Make a Pair of Hardwood Cocktail Muddlers from a Rolling Pin on the Cheap

I was having this conversation with a writer about my new book on cocktail technique last week, and she got on the subject of bar tools. “A lot of this stuff is really expensive,” she said, “Do you have any advice for home cocktail enthusiasts who don’t want to spend a ton of money?”

And I was thinking, you know, like – she’s right. Bar tools are super expensive, and there are some places where you can skimp, and some places where you can’t. Like, you just won’t find a substitute for a good 18/8 stainless steel cocktail shaker. A cheap one from the liquor store just isn’t going to do the job.

But there are other areas where you can have great bar tools for not a ton of money. Like, my first piece of advice when I’m posed this question is to use a plastic chopstick from a Chinese restaurant instead of an expensive bar spoon. They’re actually easier to use, and they cost very little (free, if you just steal one). Sure, they’re not very stylish, but they’ll do the job every bit as well as a $30 bar spoon.

Source: Build a Better ($5.63) Muddler

I can definitely see the attraction to having a nicely-crafted handmade object, especially one made out of wood. I wouldn’t mind owning a nice, fancy, handmade wooden cutting board or the like (I have family who owns a couple that they bought at art fairs that are beautiful).

But, like, as far as a “life hack”, it’s kind of silly given how cheap decent mass-produced cocktail muddlers are and, for that matter, how few cocktail muddlers the average person buys over the course of a lifetime.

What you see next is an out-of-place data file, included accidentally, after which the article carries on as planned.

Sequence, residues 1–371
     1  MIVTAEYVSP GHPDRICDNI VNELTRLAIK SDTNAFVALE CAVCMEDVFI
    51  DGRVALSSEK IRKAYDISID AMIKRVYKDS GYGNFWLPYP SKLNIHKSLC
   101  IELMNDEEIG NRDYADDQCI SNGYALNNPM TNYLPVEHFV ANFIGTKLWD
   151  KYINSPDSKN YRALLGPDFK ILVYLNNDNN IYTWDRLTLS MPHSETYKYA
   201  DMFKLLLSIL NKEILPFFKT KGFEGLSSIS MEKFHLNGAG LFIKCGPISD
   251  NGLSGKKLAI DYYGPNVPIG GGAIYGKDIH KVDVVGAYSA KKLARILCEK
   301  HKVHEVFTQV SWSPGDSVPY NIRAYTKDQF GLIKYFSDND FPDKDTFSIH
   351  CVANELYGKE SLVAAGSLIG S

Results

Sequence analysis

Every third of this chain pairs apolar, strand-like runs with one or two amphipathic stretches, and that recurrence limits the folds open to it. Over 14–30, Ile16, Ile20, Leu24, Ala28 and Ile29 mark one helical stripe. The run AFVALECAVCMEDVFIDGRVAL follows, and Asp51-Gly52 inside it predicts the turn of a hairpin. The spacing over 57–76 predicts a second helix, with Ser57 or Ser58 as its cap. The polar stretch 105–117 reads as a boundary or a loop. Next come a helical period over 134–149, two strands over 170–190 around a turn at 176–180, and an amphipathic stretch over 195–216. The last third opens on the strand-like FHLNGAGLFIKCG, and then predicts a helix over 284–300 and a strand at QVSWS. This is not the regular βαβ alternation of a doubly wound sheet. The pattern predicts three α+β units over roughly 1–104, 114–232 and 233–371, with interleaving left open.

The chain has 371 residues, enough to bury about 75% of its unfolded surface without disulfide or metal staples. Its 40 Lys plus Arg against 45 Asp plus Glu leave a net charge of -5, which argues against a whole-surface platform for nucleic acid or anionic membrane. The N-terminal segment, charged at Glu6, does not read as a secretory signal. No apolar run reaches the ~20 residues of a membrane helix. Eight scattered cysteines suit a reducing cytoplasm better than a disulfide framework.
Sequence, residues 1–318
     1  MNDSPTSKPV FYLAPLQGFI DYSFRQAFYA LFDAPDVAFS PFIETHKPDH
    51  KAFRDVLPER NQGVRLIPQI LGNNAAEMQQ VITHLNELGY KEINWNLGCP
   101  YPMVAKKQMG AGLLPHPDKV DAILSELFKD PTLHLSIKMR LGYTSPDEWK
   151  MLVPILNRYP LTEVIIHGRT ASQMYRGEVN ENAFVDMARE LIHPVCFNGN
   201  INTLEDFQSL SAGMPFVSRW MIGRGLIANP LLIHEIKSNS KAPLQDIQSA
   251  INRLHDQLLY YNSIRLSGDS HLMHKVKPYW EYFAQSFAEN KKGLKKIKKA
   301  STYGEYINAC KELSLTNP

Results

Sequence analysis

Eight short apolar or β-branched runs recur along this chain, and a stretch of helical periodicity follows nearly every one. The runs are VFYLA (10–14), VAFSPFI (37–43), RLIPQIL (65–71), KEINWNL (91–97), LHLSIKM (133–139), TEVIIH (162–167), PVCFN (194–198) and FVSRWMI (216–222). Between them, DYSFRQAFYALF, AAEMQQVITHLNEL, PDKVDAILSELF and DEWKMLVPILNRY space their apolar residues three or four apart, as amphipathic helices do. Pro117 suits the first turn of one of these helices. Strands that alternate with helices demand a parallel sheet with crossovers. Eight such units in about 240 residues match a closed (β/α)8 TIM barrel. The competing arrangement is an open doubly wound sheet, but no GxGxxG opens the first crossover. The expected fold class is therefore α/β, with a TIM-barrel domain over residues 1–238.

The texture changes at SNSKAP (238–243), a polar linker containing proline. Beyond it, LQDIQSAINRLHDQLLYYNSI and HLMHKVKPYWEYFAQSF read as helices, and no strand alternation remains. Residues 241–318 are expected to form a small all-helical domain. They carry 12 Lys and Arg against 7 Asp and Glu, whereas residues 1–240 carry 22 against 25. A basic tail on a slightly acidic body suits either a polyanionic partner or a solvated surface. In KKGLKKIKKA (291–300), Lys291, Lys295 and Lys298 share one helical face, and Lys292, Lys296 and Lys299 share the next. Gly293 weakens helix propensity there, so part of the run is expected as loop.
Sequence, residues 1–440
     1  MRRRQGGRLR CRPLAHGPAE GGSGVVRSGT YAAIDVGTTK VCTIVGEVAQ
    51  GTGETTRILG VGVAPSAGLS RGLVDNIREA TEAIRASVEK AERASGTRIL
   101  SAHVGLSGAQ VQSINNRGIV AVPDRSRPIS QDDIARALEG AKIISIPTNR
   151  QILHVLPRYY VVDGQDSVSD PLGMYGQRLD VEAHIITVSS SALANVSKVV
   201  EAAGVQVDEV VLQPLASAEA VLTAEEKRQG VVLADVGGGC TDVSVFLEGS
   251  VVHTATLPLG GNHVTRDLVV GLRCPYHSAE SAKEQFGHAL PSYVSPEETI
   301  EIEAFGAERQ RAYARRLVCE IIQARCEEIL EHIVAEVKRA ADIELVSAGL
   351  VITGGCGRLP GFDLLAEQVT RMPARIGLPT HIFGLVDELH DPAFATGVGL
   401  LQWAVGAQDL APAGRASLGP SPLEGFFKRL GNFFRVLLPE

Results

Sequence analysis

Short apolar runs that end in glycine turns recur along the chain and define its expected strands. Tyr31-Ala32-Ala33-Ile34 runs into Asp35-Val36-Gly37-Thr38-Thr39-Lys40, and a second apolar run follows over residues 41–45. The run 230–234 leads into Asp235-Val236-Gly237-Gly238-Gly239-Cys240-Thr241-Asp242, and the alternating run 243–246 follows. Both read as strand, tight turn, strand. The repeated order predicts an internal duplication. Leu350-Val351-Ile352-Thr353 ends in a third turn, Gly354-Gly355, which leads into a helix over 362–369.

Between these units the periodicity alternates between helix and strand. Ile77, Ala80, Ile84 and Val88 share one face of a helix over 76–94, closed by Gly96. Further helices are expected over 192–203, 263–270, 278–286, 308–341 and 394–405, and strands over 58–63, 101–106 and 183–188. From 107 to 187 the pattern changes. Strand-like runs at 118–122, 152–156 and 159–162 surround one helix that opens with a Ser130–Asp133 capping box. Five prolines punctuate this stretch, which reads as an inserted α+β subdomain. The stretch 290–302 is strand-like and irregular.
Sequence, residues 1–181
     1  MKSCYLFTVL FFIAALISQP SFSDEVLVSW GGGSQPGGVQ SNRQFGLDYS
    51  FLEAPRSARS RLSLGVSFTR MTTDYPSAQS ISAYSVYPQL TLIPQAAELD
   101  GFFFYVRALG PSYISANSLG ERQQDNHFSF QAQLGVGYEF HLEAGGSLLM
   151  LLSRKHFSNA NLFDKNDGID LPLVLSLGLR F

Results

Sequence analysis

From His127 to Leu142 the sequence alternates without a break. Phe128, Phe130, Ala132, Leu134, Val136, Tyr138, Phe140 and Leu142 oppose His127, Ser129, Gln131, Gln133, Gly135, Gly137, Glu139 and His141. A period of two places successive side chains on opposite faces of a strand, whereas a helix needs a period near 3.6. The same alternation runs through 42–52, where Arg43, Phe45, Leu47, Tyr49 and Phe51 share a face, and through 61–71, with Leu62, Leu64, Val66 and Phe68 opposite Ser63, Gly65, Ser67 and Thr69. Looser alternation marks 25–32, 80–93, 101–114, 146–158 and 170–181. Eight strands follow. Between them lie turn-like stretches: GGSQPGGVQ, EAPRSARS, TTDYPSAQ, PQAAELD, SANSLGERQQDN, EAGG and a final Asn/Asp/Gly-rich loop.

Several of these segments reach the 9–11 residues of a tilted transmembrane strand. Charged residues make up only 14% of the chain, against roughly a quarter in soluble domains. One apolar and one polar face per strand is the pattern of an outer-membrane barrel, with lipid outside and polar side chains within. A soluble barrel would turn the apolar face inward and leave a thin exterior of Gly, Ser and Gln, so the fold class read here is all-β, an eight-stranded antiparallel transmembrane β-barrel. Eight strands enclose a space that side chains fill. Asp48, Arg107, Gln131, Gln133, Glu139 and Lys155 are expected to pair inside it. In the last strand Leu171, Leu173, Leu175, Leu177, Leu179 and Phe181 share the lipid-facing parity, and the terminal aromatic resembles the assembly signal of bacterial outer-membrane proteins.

Make Jell-O Shots You’ll Actually Want to Eat

If you’re feeling the mid-winter blues, you’re not alone — not by a long shot. Sure, you could try to cheer yourself up with a mug of hot cocoa, but some days just call for something a little stronger.

Source: 5 Cocktail-Inspired Jello Shots

The basic formula is the same for each. You’ll need a non-alcoholic liquid, booze, and gelatin (two packets, always). The exact amounts of liquid vary from recipe to recipe, but you’re generally aiming for a cup of non-alcoholic liquid (like juice) and 1/4- 1 cup of booze, depending on the potency.

Make Your Own Tonic Syrup for Better Tasting Cocktails

The trusty gin and tonic. It’s refreshing. It’s simple. It’s a classic. But not every G&T is created equal. With only two main ingredients in your glass, the quality of those ingredients makes a huge difference. If you’ve already made the smart choice to swap the plastic-bottle window-cleaner gin for a quality spirit, there’s no reason to ruin things with a sub-par mixer.

For a while, you basically had three options for a tonic to pour at home: Schweppes, Canada Dry, or the generic brand at your local market. These options? They’re okay. They’re not great. The Schweppes in England is at at least made with cane sugar, but here in the good old US of A, we’re stuck with corn syrup. And it just tastes different.

Source: Why You Should Be Making Your Own Tonic (With Recipe)

A bit early for summer drinks, but all the more time to get prepared.  I didn’t know you could buy chinchona bark so easily!